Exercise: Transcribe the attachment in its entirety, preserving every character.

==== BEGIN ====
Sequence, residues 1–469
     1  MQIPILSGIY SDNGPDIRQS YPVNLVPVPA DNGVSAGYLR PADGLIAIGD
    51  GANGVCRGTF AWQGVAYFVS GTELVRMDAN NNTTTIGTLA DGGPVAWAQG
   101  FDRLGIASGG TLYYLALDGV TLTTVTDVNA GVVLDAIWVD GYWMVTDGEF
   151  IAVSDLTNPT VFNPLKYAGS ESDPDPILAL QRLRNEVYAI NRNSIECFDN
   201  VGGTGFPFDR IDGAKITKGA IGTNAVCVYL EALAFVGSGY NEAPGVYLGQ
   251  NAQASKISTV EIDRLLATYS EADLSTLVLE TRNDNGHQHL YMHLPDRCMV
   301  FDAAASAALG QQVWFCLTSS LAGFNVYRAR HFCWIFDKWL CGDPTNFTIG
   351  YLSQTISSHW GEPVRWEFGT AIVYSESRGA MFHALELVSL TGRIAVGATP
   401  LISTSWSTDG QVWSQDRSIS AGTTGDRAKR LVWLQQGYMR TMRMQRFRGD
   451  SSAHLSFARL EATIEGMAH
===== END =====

Sequence, residues 1–469
     1  MQIPILSGIY SDNGPDIRQS YPVNLVPVPA DNGVSAGYLR PADGLIAIGD
    51  GANGVCRGTF AWQGVAYFVS GTELVRMDAN NNTTTIGTLA DGGPVAWAQG
   101  FDRLGIASGG TLYYLALDGV TLTTVTDVNA GVVLDAIWVD GYWMVTDGEF
   151  IAVSDLTNPT VFNPLKYAGS ESDPDPILAL QRLRNEVYAI NRNSIECFDN
   201  VGGTGFPFDR IDGAKITKGA IGTNAVCVYL EALAFVGSGY NEAPGVYLGQ
   251  NAQASKISTV EIDRLLATYS EADLSTLVLE TRNDNGHQHL YMHLPDRCMV
   301  FDAAASAALG QQVWFCLTSS LAGFNVYRAR HFCWIFDKWL CGDPTNFTIG
   351  YLSQTISSHW GEPVRWEFGT AIVYSESRGA MFHALELVSL TGRIAVGATP
   401  LISTSWSTDG QVWSQDRSIS AGTTGDRAKR LVWLQQGYMR TMRMQRFRGD
   451  SSAHLSFARL EATIEGMAH